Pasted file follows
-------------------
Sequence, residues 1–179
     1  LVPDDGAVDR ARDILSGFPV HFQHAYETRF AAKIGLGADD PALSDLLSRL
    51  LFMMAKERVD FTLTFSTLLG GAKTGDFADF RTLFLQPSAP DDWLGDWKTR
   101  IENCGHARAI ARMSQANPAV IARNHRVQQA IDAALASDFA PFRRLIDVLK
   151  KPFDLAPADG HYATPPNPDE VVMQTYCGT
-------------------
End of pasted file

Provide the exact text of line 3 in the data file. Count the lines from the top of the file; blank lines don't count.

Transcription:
    51  LFMMAKERVD FTLTFSTLLG GAKTGDFADF RTLFLQPSAP DDWLGDWKTR